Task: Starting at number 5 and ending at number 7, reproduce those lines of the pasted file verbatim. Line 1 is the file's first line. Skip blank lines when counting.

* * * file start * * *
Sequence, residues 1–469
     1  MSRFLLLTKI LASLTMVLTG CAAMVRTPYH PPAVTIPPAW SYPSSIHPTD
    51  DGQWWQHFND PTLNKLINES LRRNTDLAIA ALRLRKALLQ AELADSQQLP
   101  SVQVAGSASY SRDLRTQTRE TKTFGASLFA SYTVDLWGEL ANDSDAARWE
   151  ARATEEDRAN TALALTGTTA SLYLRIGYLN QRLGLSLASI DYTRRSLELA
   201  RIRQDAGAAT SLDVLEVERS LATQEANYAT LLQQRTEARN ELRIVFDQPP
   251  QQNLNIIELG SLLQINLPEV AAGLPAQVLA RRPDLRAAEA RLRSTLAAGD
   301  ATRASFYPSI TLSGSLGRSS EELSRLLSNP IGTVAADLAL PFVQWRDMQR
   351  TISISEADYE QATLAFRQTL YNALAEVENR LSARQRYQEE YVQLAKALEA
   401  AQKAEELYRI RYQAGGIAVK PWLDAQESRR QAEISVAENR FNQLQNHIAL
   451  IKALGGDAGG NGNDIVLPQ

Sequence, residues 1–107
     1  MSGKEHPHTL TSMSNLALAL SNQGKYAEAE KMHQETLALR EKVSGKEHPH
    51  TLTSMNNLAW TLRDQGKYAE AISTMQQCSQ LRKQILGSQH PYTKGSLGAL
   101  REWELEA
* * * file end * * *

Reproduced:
   151  ARATEEDRAN TALALTGTTA SLYLRIGYLN QRLGLSLASI DYTRRSLELA
   201  RIRQDAGAAT SLDVLEVERS LATQEANYAT LLQQRTEARN ELRIVFDQPP
   251  QQNLNIIELG SLLQINLPEV AAGLPAQVLA RRPDLRAAEA RLRSTLAAGD